The Last Two Avenues to Free Market Rate

Immediately after the introduction of HSTPA 2019, the valuation for rent-stabilized buildings started to crumble. But not all hopes of deregulation were crushed, those few who knew their ways around the rent stabilization laws still had two tricks under their sleeves. So the initial collapse of rent stabilization properties’ valuation was slow and gradual.

The First Trick – Substantial Rehabilitation

In a post-2019 HSTPA world, the best way to escape the specter of rent stabilization and shoot for lofty rents was to have an empty, or near empty, building and renovate it thoroughly – HVAC, plumbing, electricals the whole nine yards. The reward for doing the renovation is a sparkling new building with rents far higher than what rent stabilization would otherwise allow for. Completing a good reno and leasing the units up can oftentimes double the value of the property.


Substantial Rehabilitation’s exemption from Rent Stabilization Laws was put in place to help and incentivize owners to address and fix buildings with substantially hazardous conditions. But as it became one of the only remaining avenues for meaningful rent increases, it became widely abused, more specifically through its 80% vacancy presumption that automatically registers a building as “seriously deteriorated” upon reaching 80% vacancy.

As what was considered a suboptimal method to deregulation, in comparison to MCIs and IAIs, now becomes one of the only two methods to deregulate apartments, this pushed further the above-mentioned strange phenomenon that rent-stabilized apartment buildings with much higher vacancy rates(closer to the 80% threshold) trades at significantly higher prices than their tenant-occupied counterparts. This phenomenon exacerbated the landlords’ incentives to keep

apartments vacant because if their vacancy becomes high enough, they can file for Substantial Rehabilitation, rather than fixing each apartment and recouping the costs of doing so on a 14-15 years timeline…

The Second Tricks – Frankenstein’s Apartments


Another classic dance many rent-stabilized owners performed was that of “Frankenstein-ing”, or the combination of two or more apartment units for a higher rent than the sum of the previous rents. The owners are allowed to set “first rent” on the newly combined apartments according to market comps, effectively deregulating those newly combined apartments back-to-market rates.

This deregulation method was often employed on half-vacant apartment buildings that were still too far away from reaching the 80% threshold required for Substantial Rehabilitation. Investors would begrudgingly take on partially occupied buildings and hope for Frankenstein units or to work other angles. The returns on such projects were not nearly as lucrative as those involved in Substantial Rehabilitation where it was common for operators to see 2x value upon completion.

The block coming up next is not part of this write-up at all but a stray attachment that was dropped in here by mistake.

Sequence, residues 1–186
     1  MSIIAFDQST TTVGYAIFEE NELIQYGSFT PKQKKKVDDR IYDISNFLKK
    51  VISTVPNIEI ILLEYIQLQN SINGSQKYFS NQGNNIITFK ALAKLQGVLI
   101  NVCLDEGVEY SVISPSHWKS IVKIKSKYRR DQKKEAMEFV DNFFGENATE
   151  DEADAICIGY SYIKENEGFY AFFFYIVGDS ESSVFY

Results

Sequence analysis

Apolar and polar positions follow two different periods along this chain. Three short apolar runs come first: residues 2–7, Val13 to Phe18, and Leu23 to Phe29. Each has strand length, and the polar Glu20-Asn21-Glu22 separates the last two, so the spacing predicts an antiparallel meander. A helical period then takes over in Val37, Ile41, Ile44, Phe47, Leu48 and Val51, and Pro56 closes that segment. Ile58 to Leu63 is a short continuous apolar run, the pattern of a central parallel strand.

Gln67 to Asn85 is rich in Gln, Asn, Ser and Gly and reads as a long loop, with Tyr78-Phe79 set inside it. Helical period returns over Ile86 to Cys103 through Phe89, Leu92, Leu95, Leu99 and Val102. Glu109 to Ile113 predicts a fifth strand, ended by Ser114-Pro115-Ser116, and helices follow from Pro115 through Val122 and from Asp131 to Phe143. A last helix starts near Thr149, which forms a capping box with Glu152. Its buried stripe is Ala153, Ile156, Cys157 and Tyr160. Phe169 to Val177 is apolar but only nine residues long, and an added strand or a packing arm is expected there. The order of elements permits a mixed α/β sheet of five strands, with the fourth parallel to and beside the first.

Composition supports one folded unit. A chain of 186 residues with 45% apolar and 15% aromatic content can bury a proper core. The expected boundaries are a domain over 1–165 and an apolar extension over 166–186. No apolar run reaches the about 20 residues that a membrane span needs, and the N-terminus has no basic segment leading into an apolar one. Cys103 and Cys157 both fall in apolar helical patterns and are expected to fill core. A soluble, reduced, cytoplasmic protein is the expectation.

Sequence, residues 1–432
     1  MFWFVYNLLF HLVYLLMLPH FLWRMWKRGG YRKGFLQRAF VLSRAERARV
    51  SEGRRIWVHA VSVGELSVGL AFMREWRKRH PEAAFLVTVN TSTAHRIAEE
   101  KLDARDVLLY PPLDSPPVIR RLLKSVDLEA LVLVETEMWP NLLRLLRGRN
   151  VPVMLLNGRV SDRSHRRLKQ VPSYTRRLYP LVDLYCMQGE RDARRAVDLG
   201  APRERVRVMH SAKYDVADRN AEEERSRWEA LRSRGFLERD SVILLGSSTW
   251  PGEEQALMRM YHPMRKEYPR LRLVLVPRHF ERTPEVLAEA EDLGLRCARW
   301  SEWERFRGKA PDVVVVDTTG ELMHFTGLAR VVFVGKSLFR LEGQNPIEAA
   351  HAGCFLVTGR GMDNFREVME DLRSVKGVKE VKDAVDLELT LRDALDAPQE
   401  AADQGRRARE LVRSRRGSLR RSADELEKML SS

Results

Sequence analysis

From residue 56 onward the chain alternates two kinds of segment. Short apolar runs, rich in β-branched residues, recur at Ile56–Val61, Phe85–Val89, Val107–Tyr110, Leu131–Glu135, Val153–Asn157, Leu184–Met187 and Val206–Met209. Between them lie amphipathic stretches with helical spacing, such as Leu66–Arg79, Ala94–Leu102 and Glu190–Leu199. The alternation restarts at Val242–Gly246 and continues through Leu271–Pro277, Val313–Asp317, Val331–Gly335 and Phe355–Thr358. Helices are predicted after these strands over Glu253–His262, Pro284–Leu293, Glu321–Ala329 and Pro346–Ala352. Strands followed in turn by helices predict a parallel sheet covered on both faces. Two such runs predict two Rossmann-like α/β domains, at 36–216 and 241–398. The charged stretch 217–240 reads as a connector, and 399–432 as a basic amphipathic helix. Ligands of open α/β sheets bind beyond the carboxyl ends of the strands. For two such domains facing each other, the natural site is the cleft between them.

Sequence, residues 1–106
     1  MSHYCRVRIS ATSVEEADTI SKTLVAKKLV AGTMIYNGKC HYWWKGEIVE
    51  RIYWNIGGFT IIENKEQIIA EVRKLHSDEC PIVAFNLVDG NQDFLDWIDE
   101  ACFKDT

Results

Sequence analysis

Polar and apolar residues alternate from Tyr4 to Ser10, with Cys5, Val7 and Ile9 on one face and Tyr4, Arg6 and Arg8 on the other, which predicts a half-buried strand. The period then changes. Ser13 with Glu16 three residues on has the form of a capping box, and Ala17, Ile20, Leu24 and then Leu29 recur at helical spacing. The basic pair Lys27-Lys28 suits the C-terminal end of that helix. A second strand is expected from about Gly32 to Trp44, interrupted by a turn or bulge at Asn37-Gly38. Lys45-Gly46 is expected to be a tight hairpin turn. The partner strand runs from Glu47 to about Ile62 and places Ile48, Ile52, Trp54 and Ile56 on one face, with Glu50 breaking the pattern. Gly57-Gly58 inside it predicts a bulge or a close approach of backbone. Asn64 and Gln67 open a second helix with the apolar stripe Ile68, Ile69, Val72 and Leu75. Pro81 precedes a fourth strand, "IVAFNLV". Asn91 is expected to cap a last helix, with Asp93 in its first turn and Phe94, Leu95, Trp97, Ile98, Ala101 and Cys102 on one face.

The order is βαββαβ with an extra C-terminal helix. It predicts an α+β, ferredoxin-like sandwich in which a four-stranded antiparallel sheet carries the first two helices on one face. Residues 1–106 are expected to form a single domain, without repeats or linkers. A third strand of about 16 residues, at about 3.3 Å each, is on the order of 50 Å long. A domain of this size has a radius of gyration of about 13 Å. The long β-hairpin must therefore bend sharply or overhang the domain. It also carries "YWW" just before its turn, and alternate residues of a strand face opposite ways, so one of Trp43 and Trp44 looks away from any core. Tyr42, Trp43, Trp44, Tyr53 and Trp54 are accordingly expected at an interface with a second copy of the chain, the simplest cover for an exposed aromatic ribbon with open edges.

Unlike the buildings that underwent Substantial Rehabilitation, the units created using this method usually take longer to lease and usually do not achieve rental prices as a normal apartment because they often feature harder-to-lease units laid out upwards of 3-4 bedrooms. You are simply not going to be able to get 2x the rent of a 2-bedroom apartment from a 4-bedroom apartment. Although a less optimal deregulation method, in comparison to Sub Rehabs, and the previous version of IAIs and MCIs, it remained a viable avenue for landlords to use to get out of RSL.


The Unsuccessful Landlords’ Advocacy Attempts


The landlords have continually attempted to seek relief through the judicial system, where iconic landlord advocacy groups like CHIP and RSA have been trying to “facially challenge” RSL through the New York State Court, the Second Circuit Courts, and ultimately the Supreme Court. Their challenge has been dismissed by all lower courts, and this regulatory effort is marked unsuccessful upon SCOTUS’s rejection to hear their case at the Supreme Court, where Chief Justice Roberts argued that RSL does not constitute takings of private properties when landlords have an array of methods to 1. Claim units for self-use 2. Legally evict tenants who are not paying. And that they bought into such properties knowing they are subject to future regulatory changes in the space. So the current Rent Stabilization Laws although does put serious

limits on the profitability of those landlords’ assets, they are not enough to constitute a violation of the Fifth Amendment that protects the takings of private properties.


One of the only statutory wins on the landlords’ side was heralded by the rent overcharge case of Regina Metropolitan Co. v. New York State Division of Housing & Community (Regina Metro) where the property management company Regina Metropolitan Co. argued that the extension of the statute of limitation on rent roll records (used to determine in court illegal rent raising schemes) from 4 years to 6 years, as outline in HSTPA 2019, would constitute retroactively punishing owners who were following the law at the time, that is they only had to keep records for 4 years, any record beyond that time frame was most likely destroyed, as advised by their attorneys.


This portion of the look-back time period provision was reverted back to what it was pre-HSTPA 2019. This case marks one of the only successful pushbacks from the landlord’s side so far. This win in 2020 bolstered the landlords’ determination to continue fighting the Rent Stabilization Law but was itself quite fruitless because it was not able to revert any of the other more substantial changes that limit the specific rent increases, as those were the provisions that truly limited the rent-stabilized properties’ future profitability.


End of the De-Regulation Era


Just as the Rent Stabilized owners were slowly coming to realize that their effort to seek relief through the judicial system proved fruitless, bad news just kept coming.